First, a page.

It is not uncommon for great artists to bring literary classics to pictorial life, from Picasso’s 1934 drawings for a naughty ancient Greek comedy to Matisse’s 1935 etchings for Ulysses to Salvador Dalí’s prolific illustrations for Don Quixote in 1946, the essays of Montaigne in 1947, Alice in Wonderland in 1969, and Romeo & Juliet in 1975. But among the greatest such cross-pollinations of art and literature come from legendary poet and painter William Blake (1757–1827), celebrated as one of the greatest creative geniuses in history and an inspiration to generations of artists, as well as a lifelong muse to Maurice Sendak.

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The Commercial use of Poetry

AppleView the commercial

We don’t read and write poetry because it’s cute. We read and write poetry because we are members of the human race. And the human race is filled with passion. And medicine, law, business, engineering — these are noble pursuits and necessary to sustain life. But poetry, beauty, romance, love — these are what we stay alive for.
To quote from Whitman,
“O me, O life of the questions of these recurring.
Of the endless trains of the faithless. Of cities filled with the foolish. What good amid these, O me, O life?
Answer: that you are here. That life exists and identity. That the powerful play goes on, and you may contribute a verse.”
“That the powerful play goes on, and you may contribute a verse.”
What will your verse be?

Apple’s new poetry commercial (and Levi’s older one) use Walt Whitman to get under our skin. “Whitman would love that,” claims Karen Karbiener, professor and Whitman scholar at New York University. How do we feel about the commercial use of poetry?

Download the podcast discussion from “Poetry Off the Shelf.”

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Notable Oak Bay home on the move

Oak_BayAbundant thanks to Susan and Josie for their fascinating presentation on P.K. Page yesterday. The great Canadian poet has several new fans.

Thanks also to Tony Whitney for this link – a very suitable addendum – from the Victoria News:

Today (April 29), P.K. Page’s Oak Bay home will be uprooted, placed on a barge and shipped down the Georgia Strait to Chemainus, its new home.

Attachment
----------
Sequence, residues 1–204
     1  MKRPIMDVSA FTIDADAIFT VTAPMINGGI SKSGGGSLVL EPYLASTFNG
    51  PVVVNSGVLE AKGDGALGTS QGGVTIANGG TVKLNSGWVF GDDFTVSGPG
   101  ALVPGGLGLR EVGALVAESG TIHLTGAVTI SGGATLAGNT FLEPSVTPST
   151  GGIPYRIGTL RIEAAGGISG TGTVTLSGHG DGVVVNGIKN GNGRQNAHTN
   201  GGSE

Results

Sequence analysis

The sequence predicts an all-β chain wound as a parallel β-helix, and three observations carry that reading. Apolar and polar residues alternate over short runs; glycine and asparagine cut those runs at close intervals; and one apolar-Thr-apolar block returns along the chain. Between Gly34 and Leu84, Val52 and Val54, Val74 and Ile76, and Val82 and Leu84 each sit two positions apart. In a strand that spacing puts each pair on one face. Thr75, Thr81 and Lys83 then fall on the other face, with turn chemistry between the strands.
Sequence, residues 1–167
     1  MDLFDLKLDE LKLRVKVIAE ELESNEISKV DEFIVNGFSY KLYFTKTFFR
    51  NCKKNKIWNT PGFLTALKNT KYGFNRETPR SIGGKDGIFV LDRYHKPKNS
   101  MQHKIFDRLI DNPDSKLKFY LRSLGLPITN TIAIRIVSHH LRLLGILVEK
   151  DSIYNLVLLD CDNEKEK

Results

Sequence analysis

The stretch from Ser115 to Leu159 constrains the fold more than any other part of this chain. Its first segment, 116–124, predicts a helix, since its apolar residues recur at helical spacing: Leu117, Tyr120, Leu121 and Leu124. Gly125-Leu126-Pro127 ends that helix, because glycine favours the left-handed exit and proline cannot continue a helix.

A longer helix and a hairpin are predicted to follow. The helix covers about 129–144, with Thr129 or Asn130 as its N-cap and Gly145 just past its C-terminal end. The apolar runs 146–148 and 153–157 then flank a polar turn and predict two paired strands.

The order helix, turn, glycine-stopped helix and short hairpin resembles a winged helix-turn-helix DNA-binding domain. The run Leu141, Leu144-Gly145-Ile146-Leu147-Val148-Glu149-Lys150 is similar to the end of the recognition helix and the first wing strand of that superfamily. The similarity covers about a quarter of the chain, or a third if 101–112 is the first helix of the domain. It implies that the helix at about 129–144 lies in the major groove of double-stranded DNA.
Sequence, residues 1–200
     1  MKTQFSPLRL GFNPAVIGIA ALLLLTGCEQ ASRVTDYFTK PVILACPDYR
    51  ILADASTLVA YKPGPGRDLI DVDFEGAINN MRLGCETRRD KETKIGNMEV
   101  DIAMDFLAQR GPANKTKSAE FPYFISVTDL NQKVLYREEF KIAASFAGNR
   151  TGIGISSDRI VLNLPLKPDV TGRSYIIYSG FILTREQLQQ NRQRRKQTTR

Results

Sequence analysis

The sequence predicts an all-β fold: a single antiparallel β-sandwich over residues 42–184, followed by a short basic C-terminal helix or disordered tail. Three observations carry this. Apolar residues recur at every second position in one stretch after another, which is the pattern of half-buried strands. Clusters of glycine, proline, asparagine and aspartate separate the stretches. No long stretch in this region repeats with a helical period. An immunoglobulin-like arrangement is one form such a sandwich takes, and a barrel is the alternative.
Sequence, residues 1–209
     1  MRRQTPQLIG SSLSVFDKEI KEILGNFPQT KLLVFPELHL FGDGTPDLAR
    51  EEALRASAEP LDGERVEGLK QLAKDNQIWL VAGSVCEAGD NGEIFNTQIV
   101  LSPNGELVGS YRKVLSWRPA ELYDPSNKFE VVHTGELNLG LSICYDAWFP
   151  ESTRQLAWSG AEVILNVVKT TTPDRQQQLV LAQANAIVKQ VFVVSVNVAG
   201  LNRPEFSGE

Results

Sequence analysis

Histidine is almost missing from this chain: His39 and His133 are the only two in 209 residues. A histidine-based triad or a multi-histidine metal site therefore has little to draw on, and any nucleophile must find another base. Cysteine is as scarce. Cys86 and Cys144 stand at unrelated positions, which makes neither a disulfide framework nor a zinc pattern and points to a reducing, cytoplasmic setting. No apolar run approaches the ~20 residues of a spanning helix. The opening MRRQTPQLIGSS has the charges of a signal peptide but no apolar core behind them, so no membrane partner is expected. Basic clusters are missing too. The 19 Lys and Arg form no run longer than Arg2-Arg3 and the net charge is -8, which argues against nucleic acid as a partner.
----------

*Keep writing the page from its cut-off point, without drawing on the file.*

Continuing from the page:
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Final reminder about our celebration of the life and poetry of P.K. Page this coming Thursday, January 23

 

P.K. Page

P.K. Page

Final reminder about our celebration of the life and poetry of P.K. Page this coming Thursday, January 23. Details on the SCHEDULE page.

And remember that we’re meeting five minutes later at 12:50pm, but with the privilege of keeping the room until 4:00pm.

See everyone there!

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The Letter That Changed the Course of Modern Fiction

Pound-JoyceA hundred years ago, Ezra Pound wrote a letter to the struggling and largely unpublished James Joyce offering to help him—and set in motion a literary revolution.

Can a single piece of unsolicited mail change the course of literature? In my opinion, only one letter justifies such a bold claim—a query sent a hundred years ago this month, on December 15, 1913, when Ezra Pound, searching for new talent, reached out to a struggling Irish author living in Trieste.

James Joyce, thirty years old, had faced rejection after rejection during the previous decade. He had completed his collection of short stories, Dubliners, eight years before Pound contacted him—but Joyce still hadn’t found a publisher willing to issue the book. Every time he came close to seeing this work in print, new objections and obstacles arose, and even Joyce’s offer to make changes and censor controversial passages failed to remove the roadblocks.